Teaching Global Perspectives
The desire to bring global and diversity learning into our classrooms has become part of many discussions surrounding 21st Century Learning Goals. Indeed, the Association of American Colleges and Universities (AACU) identifies “global and diversity learning” among several High-Impact practices. We want our students to investigate the world, to recognize that multiple perspectives exist, and to communicate their ideas and new-found understanding with others. Fink’s Taxonomy of Significant Learning (2003) notes that Caring is a part of significant learning. By developing new interests and feelings about others and about learning, students will be engaged in more meaningful and longer lasting learning.
The American Council on the Teaching of Foreign Languages (ACTFL) encourages language learners to think about the products, practices and perspectives of other cultures, and to communicate about the similarities and differences that may exist between the learner’s home culture and that of the target language country. Discussions about these “Three Ps” can help to build a respect and understanding of different beliefs and perspectives as students explore the what (products), how (practices) and why (perspectives) of others cultures and peoples.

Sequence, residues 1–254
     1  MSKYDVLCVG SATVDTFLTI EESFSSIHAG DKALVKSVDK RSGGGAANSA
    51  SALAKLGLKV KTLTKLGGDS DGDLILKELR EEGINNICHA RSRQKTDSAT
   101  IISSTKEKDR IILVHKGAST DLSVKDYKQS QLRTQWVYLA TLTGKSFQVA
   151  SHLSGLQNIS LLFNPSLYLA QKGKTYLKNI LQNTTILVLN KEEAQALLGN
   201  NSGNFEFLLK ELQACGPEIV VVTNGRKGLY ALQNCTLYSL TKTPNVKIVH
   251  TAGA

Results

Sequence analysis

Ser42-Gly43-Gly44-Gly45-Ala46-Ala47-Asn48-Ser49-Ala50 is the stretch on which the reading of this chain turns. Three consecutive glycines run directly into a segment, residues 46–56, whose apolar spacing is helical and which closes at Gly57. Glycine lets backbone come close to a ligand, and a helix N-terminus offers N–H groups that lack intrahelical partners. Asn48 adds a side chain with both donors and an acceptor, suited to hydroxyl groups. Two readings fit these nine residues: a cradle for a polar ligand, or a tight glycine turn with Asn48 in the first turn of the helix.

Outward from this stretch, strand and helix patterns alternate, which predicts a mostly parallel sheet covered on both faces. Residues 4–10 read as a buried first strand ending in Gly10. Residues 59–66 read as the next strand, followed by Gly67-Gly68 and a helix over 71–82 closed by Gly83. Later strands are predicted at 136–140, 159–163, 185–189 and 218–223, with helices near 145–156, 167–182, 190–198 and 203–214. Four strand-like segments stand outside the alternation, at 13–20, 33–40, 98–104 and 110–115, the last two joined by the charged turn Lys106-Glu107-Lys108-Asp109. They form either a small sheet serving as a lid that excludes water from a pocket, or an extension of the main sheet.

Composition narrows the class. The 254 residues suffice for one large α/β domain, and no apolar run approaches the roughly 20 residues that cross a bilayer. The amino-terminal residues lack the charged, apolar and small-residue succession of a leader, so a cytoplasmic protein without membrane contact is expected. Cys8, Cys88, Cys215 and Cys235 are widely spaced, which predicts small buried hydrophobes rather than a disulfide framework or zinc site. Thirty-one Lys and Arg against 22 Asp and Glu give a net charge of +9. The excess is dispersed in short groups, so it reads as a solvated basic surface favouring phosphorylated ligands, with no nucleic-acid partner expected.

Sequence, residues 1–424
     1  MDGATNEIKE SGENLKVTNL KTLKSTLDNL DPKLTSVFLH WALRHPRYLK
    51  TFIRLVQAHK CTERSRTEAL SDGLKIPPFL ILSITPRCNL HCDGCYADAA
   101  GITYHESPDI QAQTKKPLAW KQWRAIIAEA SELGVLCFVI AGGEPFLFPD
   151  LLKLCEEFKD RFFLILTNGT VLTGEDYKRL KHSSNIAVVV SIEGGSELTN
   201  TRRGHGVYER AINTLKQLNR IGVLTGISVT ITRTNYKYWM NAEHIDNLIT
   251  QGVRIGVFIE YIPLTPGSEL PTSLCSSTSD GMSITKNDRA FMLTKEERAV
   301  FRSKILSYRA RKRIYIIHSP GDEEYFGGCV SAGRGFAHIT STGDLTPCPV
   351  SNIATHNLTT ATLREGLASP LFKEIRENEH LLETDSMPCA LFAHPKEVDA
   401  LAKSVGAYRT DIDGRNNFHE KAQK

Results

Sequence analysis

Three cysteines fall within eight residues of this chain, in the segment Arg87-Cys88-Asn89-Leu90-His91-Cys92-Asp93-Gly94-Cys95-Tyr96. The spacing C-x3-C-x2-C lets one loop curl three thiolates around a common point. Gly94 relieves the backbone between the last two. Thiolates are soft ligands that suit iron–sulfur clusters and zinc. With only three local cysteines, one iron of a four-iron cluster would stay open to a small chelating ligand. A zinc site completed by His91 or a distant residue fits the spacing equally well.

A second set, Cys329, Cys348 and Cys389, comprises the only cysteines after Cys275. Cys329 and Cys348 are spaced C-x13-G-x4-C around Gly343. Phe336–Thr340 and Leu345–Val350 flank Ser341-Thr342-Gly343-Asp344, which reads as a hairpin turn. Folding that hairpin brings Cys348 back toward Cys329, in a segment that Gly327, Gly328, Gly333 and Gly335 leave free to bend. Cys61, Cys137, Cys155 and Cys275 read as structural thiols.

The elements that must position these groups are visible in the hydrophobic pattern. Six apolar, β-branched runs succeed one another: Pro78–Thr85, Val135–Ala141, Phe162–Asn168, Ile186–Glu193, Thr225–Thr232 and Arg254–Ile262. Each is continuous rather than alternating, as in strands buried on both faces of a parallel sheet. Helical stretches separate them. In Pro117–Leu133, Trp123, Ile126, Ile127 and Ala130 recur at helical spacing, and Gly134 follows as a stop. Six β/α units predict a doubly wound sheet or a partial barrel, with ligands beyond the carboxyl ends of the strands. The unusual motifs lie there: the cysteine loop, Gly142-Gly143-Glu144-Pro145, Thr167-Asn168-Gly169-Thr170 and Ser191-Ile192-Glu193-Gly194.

As you bring global perspectives into your classroom, encourage students to deeply investigate the world using the framework of the “Three Ps.” In both disciplinary and interdisciplinary studies, learners will be able to gain a richer appreciation for the variety of perspectives that exist around the world.
The American Council on the Teaching of Foreign Languages (ACTFL – www.actfl.org)
The Association of American Colleges and Universities (AACU – www.aacu.org/leap/hip.cfm)
Dee Fink. (2003). Creating Significant Learning Experiences. Jossey-Bass.